Dhyana — The Meditative State

Yoga Sutras, Chapter 3 on Raja Yoga (Royal Union) continued.

Last week:
III:1  Concentration (dharana) is the binding of the mind-stuff (chitta) to one place.

This week:
III:2  When definitely established with certainty in that one place, concentration (dharana) becomes meditation (dhyana).

The word dhyana refers to a true state of meditation, not just sitting like a pretzel and trying to make your mind shut up, or listening to ringing bowls, or sitting in the silence, as if there were nothing to know or learn about meditation.

Dhyana is a Sanskrit term that means “meditation.” The true state of meditation is a result of yoga sadhana, the regular practice of yoga. Yoga not only means union with God, but is the means of attaining union with God.

Look at this chart of the eight limbs of yoga as presented by the great sage, Patanjali, in his Yoga Sutras. You will notice that meditation (dhyana) is nearly last in the sequence, yet we westerners presume to begin here, unaware (or ignoring) that there is actually something to be learned and which must take place before true meditation can begin. Of the eight limbs, meditation is number seven:

Dhyana is a true meditative state that, as you will see as we go along, is not all that different from the highly sought-after samadhi. Everything that comes before meditation is what makes meditation not only possible, but effective. What do I mean by “effective”? I mean that true meditation will take you to samadhi and ultimately, to the end of all your troubles, freedom, fulfillment and endless joy. (Was there something else you wanted?)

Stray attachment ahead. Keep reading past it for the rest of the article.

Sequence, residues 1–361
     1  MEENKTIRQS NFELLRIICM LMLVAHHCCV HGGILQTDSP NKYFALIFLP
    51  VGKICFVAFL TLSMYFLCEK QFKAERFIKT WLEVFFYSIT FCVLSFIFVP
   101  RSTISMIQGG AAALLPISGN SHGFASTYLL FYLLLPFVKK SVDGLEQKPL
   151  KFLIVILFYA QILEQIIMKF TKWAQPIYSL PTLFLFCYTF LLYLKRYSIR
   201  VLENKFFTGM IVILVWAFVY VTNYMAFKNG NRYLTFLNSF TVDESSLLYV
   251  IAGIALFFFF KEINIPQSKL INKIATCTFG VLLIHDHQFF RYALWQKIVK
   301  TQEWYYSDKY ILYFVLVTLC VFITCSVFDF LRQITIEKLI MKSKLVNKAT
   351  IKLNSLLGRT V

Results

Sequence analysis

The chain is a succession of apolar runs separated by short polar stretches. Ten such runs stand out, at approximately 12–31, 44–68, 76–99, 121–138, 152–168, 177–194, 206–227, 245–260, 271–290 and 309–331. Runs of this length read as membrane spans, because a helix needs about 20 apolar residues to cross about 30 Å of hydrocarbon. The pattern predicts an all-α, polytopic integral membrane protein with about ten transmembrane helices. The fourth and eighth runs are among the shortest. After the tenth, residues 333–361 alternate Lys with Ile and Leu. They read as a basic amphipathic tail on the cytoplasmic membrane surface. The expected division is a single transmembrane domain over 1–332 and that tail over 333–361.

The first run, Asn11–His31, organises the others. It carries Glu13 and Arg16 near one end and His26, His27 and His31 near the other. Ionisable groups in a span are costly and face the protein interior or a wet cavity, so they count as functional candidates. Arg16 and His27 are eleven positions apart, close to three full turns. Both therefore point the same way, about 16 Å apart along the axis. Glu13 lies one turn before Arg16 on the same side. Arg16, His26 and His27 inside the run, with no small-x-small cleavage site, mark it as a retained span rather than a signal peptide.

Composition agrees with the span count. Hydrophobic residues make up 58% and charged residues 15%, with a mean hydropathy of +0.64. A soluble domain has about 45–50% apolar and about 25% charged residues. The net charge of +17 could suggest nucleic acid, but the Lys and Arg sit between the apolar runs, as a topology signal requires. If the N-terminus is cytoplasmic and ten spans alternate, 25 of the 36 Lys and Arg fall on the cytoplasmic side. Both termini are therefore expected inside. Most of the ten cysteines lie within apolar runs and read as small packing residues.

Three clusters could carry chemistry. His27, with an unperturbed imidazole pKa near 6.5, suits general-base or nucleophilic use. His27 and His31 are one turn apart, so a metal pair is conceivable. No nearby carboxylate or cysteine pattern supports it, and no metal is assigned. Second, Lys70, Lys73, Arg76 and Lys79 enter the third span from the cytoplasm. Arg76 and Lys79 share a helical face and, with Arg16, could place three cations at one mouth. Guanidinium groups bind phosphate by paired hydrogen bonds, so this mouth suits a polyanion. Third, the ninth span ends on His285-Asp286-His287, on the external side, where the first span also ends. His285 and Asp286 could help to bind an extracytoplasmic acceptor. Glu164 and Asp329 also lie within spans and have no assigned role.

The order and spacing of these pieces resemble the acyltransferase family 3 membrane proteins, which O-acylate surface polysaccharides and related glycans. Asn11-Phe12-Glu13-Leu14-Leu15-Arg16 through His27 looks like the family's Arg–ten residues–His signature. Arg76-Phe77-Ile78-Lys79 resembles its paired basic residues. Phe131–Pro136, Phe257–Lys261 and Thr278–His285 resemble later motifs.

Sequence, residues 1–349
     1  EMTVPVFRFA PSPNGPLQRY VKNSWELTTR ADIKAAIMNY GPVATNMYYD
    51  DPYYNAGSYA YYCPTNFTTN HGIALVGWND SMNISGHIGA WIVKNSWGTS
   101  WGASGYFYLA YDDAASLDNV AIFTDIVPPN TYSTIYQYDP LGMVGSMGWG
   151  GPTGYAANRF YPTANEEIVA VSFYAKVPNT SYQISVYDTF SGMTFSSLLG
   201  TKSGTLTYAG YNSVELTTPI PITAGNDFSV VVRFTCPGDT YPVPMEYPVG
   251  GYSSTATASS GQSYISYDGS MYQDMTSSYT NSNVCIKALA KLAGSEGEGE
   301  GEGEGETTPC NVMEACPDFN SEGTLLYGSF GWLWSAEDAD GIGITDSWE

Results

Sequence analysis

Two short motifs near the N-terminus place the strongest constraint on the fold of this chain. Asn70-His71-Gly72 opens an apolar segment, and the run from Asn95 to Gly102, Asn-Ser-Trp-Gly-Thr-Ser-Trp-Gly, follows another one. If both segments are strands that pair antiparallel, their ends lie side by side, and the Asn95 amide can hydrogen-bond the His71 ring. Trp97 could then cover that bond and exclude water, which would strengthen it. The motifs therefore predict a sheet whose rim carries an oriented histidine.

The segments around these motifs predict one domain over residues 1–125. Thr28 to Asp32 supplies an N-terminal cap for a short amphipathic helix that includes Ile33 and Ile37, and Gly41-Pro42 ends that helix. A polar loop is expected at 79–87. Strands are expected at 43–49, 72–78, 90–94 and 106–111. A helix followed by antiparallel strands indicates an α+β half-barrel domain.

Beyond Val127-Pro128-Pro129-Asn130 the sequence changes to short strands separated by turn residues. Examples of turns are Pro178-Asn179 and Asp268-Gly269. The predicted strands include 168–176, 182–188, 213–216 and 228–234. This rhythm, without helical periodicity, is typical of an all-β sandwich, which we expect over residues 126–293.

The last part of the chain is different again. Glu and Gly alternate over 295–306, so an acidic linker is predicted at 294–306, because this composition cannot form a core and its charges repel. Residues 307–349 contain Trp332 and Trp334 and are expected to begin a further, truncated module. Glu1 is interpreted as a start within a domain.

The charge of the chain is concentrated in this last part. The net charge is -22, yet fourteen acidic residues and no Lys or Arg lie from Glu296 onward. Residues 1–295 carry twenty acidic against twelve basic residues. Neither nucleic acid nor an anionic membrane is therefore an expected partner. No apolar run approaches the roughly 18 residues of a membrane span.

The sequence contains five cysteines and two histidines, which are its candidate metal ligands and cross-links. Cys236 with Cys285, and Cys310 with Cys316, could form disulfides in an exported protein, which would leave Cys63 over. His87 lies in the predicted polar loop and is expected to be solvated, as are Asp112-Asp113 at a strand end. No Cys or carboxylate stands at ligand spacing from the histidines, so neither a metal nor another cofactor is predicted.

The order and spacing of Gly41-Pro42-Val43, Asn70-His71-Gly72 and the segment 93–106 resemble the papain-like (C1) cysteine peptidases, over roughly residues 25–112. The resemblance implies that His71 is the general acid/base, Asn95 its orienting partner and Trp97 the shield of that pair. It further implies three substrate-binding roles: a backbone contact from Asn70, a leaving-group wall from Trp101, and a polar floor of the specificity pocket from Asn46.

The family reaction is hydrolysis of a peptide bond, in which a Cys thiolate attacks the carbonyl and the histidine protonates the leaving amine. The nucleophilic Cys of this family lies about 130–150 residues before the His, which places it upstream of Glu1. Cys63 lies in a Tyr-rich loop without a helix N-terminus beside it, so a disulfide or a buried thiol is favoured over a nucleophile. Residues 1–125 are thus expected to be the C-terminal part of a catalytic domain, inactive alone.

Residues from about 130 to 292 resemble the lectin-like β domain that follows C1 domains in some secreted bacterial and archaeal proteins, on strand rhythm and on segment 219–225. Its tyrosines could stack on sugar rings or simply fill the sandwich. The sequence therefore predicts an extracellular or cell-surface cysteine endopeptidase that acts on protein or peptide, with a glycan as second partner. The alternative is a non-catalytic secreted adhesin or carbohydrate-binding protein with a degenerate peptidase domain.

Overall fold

Yoga, Meditation and Samadhi are Synonymous Terms

In the practice of meditation, initially the control of the physical senses is achieved through meditation with movement. As meditation evolves, the control of the mind is attained by means of meditation in which there is no movement. In this meditation, the mind is concentrated—the chitta is concentrated, bound to one thing, one place, as described in the sutras above. This is the natural order of the development of meditation to its maturity.

The mature state of meditation is samadhi, a state of super-conscious bliss in which the mind gets dissolved into nature, prakrti, the first cause, the original source of nature as we know it. The chief role of meditation is to bring about samadhi, which can be only be achieved through meditation.

A mind dissolved into nature becomes non-mind, devoid of any change. This changeless state ensures eternal happiness, peace and joy, and one becomes free from the duality of pleasure and pain, the final relief from all miseries. This is salvation, liberation, the end product of yoga.

The purification of the body and mind come to one through regular practice, but this alone is not enough. Once this task begins, one must be constantly on the alert to see that no new impurities creep in. Yama and niyama (restraints and observances) are aids to this, and help to make the journey simpler. If they are neglected, obstacles crop up and have to be removed. To save time and energy, one resorts to yama and niyama.

There are several yamas and several niyamas, but Patanjali has conveniently narrowed them down to five yamas and five niyamas most suited to yoga sadhana (whew!).

Next week, we’ll have a look at…SAMADHI.

Durga Ma

Learn how to understand and use the yamas and niyamas in, Ten Keys to Success (scroll down the page).

Learn to teach this course and others through Meditation Teacher Training & Certification.  View Curriculum-At-A-Glance to see what your options are.

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